Have you ever gone through a long and painful electronic health record (EHR) or laboratory information system (LIS) implementation only to find that there are significant workflow gaps? Or maybe, while working, you found yourself wondering if there was an easier way to complete a repetitive task? Well, there might be an app for that! You won’t want to miss today’s session, “Mind the App: Application Development as a Solution to Unmet Needs in Laboratory Workflows,” where moderator Amrom Obstfeld, MD, PhD, will lead a discussion about the ways custom apps can be deployed to help laboratorians solve practical problems with improved efficiency and reduced risk of errors.
It should not come as a surprise that software vendors cannot meet every need of every workflow for every customer, but it is a frustrating reality. This means that a local solution is required, which often translates into a “manual workaround” with associated potential for error, inefficiencies, and propensity for safety risk. Vendor software change requests may offer relief, but can be expensive, time-consuming, and slow to evolve. The availability of Python and R as freely available open-source tools to conduct machine learning, data analytics, statistical computing, and graphing projects has facilitated their expansion into the clinical laboratory community, offering a no-cost option to experiment with innovative ideas.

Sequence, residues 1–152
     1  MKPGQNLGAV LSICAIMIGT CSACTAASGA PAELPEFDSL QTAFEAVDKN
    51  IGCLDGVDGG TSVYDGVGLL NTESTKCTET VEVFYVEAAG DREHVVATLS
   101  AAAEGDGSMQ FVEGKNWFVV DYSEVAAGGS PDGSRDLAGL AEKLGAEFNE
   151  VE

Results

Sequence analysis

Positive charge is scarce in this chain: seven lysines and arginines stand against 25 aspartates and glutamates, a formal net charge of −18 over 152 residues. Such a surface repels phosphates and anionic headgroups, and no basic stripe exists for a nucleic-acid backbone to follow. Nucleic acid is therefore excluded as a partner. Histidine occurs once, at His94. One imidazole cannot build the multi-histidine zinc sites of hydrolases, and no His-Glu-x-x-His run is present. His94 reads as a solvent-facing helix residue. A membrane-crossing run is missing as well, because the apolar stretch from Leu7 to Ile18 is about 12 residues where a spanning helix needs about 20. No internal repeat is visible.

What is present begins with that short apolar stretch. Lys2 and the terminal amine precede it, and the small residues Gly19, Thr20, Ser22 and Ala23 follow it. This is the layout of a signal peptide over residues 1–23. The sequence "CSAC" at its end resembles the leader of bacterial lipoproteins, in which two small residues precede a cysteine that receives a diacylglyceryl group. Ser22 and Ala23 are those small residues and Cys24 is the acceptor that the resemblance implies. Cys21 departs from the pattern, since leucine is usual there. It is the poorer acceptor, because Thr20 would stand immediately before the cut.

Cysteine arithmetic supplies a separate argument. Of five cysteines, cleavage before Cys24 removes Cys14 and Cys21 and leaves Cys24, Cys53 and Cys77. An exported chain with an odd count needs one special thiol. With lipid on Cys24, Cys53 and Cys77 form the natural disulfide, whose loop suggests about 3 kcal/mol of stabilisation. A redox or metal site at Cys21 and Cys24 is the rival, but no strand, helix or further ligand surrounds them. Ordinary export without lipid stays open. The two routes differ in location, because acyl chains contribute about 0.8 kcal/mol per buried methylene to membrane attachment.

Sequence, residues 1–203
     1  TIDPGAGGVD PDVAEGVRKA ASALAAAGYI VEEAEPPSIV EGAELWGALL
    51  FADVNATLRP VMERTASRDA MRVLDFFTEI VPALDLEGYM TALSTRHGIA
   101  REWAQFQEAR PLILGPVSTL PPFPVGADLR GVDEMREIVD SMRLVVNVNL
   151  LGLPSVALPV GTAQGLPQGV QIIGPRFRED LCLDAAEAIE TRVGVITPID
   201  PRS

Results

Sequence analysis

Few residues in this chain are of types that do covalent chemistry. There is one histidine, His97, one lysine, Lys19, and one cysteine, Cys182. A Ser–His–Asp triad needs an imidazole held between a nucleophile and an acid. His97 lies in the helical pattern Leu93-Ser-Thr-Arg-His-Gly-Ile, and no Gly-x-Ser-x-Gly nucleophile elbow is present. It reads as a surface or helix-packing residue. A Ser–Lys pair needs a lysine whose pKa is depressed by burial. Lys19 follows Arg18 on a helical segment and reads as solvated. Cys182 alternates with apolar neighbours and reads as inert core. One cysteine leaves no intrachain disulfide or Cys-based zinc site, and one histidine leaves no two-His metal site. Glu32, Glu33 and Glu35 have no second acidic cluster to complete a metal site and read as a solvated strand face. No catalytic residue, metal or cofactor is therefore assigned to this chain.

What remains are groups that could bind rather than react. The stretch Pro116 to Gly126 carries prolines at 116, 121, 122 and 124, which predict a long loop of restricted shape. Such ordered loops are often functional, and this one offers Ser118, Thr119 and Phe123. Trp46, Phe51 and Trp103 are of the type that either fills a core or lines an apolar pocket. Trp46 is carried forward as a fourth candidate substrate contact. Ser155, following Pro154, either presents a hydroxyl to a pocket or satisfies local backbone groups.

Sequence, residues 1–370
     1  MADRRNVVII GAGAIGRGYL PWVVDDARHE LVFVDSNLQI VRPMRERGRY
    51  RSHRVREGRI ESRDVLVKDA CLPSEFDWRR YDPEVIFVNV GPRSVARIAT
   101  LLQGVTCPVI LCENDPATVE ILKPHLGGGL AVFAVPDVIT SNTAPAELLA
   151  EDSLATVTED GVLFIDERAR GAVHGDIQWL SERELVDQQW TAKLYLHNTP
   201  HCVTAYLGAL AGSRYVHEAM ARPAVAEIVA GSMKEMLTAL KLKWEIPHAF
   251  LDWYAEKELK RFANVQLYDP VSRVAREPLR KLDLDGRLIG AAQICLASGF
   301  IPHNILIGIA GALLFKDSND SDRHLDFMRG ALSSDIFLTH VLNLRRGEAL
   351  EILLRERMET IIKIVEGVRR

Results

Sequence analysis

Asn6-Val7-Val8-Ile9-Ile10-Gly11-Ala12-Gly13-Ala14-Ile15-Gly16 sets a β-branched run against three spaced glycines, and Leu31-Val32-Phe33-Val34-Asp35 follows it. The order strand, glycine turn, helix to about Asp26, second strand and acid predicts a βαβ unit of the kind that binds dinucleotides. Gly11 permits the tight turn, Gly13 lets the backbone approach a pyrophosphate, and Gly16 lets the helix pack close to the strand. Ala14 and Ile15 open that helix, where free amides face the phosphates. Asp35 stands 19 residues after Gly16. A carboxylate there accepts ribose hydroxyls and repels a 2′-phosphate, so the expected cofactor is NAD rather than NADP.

This session aims to educate a general audience about the creation of web-based applications that can be simple in design, quick to make, and—most importantly—solve your most annoying problem(s). There is no prerequisite to be a programmer or know anything about writing code to attend this session.
Daniel Holmes, MD, from the University of British Columbia, will present his talk, “Why Use R and What Kinds of Apps Can I Make?” and Stephan Kadauke, MD, PhD, from the Children’s Hospital of Philadelphia, will present his talk, “Making Reliable Lab Apps: Demystifying Good Software Engineering Practices.” They will share examples of how to use an application to curate data from multiple sources to monitor a lab process and present key performance indicators. This can be used to inform decisions or automate manual processes. The benefit of a customized app goes beyond automating annoying, repetitive tasks. A well-designed “lab app” can more accurately model real lab workflows, thereby reducing risk of errors and implementing innovative functionality, such as automated machine learning-supported decision support.
The presenters will provide the audience with strategies to design and implement custom apps in their own institutions. They will discuss the importance of and strategies for clinical validation to ensure data integrity; aspects of change management; and the importance of getting buy-in from leadership, as well as other intended users. They will exchange views on the merits of a governance structure, as well as the adoption of good software engineering practices to support these apps once implemented.